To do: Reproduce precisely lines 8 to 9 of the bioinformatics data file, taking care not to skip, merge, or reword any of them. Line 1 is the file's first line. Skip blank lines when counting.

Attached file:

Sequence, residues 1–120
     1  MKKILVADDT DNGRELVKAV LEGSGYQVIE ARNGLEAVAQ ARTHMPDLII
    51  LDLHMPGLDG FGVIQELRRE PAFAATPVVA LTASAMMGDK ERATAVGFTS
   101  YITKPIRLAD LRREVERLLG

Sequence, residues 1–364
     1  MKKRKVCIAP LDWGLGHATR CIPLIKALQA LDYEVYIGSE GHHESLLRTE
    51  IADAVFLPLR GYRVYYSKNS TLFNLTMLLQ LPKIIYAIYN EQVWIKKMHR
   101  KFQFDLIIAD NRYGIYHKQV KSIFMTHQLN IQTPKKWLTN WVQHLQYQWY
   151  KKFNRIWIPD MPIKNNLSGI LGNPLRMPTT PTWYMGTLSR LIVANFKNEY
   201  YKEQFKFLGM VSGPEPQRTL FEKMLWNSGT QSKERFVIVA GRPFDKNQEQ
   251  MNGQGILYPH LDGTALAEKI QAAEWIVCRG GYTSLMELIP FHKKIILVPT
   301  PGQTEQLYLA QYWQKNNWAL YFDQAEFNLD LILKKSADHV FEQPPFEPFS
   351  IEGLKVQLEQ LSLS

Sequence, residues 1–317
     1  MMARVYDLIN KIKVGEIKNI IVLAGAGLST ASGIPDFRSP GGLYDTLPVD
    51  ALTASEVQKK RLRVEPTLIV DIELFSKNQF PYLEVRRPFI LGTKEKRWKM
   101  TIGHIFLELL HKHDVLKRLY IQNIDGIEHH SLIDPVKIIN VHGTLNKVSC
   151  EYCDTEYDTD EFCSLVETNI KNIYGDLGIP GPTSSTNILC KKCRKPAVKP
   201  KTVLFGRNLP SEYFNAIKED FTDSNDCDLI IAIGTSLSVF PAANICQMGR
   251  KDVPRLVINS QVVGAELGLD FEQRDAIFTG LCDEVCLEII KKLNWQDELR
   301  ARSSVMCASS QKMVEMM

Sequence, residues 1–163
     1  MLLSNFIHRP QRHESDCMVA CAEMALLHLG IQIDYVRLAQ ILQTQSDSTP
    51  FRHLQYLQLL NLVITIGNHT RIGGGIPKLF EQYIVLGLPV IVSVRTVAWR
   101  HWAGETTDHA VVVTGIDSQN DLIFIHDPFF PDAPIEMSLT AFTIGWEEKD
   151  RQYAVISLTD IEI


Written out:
   101  KFQFDLIIAD NRYGIYHKQV KSIFMTHQLN IQTPKKWLTN WVQHLQYQWY
   151  KKFNRIWIPD MPIKNNLSGI LGNPLRMPTT PTWYMGTLSR LIVANFKNEY